2. In so far as the first alternative suggested by the petitioner is concerned, it is, no doubt, open to the Court to adopt it. If the defendant-appellant in this Court maintains, as he did maintain in the Court below, that the decree is incapable of execution because it has no existence in the eye of the law, his appeal must be treated as incompetent. But if effect were given to this view, the result would involve the parties in considerable expense, and, in our opinion, needless delay. If the appeal is taken off the files, the Court-fees paid upon the memorandum will be wasted; a similar remark will apply to the cross-objections, which in this view must also fall through; and the defendant will be driven to prefer another appeal to this Court after the plaintiff has obtained a proper decree drawn up by the Court below upon non-judicial stamp paper. In fact, if this course is pursued, the steps which have hitherto been taken in the matter of the appeal will prove infructuous, and will have to be repeated at no distant date. The contingency which has happened was not contemplated by the framers of the Civil Procedure Code or of the Indian Stamp Act, and although our attention has been drawn to various sections of the latter Act amongst which we may mention Sections 29, 33, 35, 37 and 40, they are of no assistance to either party, In our opinion, this is a matter in which we are not constrained by any statutory provisions to adopt the first alternative put forward by the petitioner. This is obviously a fit case for the exercise of the inherent powers of the Court which have been saved by Section 151 of the Civil Procedure Code of 1908. The second alternative suggested by the petitioner should, therefore, be adopted; it is, in fact, what might have been done by the Collector under Section 41, if the mistake had been discovered in time. The course, we propose to pursue, will do substantial justice and avoid delay and multiplicity of proceedings. We, therefore, direct the plaintiff-petitioner to file a non-judicial stamp of the value of Rs. 100. This will be defaced, and the cause, title and names of the parties in the Court below will be written on it; it will then be attached to the decree as already drawn up. This, in our opinion, will be sufficient to validate the decree with retrospective effect from the date when it was drawn up on the principle explained by this Court in the case of Chhayunnessa Bibi v. Kazi Basirar Rahman 37 C. 399 : 11 C.L.J. 285 : 5 Ind. Cas. 532, and the result, of course, will be to validate the appeal as well. After the orders of this Court have been carried out, the plaintiff will beat liberty to apply for execution of the decree as a valid decree.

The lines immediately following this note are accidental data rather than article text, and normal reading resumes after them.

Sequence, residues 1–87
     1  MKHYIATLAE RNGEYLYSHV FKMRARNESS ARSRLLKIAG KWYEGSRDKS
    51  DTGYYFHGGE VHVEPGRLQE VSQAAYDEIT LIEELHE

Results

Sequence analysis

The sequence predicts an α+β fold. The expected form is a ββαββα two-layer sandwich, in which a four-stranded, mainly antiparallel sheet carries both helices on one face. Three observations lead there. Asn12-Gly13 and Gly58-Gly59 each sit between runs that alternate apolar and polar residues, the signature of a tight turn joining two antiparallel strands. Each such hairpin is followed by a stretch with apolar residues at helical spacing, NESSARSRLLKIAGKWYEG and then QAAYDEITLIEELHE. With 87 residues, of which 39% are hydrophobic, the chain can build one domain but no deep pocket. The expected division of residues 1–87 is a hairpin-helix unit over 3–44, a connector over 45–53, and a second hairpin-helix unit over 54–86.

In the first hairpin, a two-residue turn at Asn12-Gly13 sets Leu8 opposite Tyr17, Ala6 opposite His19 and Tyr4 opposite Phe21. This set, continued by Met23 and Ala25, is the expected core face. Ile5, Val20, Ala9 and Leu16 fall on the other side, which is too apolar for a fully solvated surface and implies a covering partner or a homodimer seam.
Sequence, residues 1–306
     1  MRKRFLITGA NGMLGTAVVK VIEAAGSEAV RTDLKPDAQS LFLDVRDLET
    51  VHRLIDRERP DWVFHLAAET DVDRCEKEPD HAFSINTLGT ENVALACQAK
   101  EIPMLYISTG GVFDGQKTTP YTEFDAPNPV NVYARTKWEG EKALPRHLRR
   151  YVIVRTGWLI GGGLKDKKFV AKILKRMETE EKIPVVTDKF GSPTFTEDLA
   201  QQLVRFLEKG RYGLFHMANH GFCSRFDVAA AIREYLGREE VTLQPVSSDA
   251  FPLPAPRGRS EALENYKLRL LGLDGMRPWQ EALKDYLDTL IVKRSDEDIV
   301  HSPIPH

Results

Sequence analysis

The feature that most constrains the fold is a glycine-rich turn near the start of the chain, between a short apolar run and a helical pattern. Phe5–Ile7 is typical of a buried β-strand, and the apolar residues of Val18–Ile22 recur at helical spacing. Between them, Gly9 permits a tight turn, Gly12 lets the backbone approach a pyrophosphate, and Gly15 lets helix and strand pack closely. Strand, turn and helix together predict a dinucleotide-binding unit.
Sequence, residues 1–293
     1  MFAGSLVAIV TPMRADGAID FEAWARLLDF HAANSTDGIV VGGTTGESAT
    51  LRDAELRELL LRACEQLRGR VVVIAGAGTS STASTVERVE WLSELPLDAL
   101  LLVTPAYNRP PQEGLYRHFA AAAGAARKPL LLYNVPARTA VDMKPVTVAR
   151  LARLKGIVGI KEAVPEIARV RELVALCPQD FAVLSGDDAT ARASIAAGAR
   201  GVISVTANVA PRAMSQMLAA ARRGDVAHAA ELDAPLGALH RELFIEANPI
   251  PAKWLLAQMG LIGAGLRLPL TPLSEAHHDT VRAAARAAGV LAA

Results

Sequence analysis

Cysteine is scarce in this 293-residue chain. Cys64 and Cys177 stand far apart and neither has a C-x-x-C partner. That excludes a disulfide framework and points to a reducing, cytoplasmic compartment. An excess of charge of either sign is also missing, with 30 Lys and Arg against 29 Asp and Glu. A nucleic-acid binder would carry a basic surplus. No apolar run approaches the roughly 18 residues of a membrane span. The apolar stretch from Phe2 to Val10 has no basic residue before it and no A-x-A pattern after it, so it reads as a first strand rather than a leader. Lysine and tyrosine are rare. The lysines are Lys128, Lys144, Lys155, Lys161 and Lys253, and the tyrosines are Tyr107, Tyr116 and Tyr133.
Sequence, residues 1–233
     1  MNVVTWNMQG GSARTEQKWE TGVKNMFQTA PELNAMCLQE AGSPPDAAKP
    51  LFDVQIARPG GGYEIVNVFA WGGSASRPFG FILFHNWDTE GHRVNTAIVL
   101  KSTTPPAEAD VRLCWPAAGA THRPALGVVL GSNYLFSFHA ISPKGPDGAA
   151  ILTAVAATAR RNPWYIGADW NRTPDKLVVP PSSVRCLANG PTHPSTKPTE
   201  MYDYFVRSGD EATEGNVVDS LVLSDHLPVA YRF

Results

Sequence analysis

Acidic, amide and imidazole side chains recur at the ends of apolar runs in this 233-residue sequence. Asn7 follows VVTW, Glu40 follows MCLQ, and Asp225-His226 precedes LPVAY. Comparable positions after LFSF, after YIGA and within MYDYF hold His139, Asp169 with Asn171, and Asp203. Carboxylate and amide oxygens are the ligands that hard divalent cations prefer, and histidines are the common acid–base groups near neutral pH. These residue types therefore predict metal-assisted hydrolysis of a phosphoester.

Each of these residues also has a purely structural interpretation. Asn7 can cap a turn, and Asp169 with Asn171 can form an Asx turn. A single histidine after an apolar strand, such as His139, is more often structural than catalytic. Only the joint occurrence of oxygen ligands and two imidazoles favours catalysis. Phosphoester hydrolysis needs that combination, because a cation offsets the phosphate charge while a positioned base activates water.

3. The only other point which requires consideration, is the prayer of the plaintiff-petitioner for an order upon the Revenue authorities for refund of Rs. 100 paid for the purchase of the Court-fee stamp which has now proved useless. Reference has been made to Section 52 of the Indian Stamp Act of 1899, which provides that when any person has inadvertently used for an instrument chargeable with duty a stamp of a description other than that prescribed for such instrument by the rules made under this Act, the Collector may cancel and allow as spoiled the stamp so misused. It is clear, however, that this Section is of no assistance to the petitioner, because the expression stamp of a description other than that prescribed for such instrument evidently refers to non-judicial stamp, either adhesive or impressed, as mentioned in the Act. Section 52, in our opinion, does not cover a case in which a Court-fee stamp has been erroneously used where a non-judicial stamp ought to have been used under the provisions of the Indian Stamp Act. The view, we take, is supported by the decision of the Full Bench of the Allahabad High Court in the case of a Reference under Section 57 of Act II of 1899 23 A. 213 : A.W.N. (1901). That case arose upon the construction of Section 37 of the Indian Stamp Act, 1899, but the same principle is, in our opinion, applicable to the construction of Section 52. The petitioner, therefore, is not entitled to the benefit of the consequential relief contemplated by Section 53. Nor has cur attention been drawn to any provisions of the Indian Court Fees Act of 1870 which entitles the petitioner to any relief as a matter of right in the events which have happened. We are, therefore, unable to make any declaration for his benefit as prayed. It does not follow, however, that because there is no statutory provision in either the Court Fees or the Stamp Act, that the Revenue Authorities may not afford the petitioner relief, if a proper application is made for their consideration. Such relief, however, may be granted only as a matter of indulgence, and cannot be claimed by the petitioner as a matter of right.

4. The result, therefore, is that this application is allowed in part, the petitioner is permitted to deposit a non-judicial stamp of the value of Rs. 100, and thus to have the decree validated, but his application, in so far as it prays for an order upon the Collector to certify that the decree is properly stamped, or to refund the amount paid for the purchase of the Court-fee stamp, is refused. There will be no order as to costs.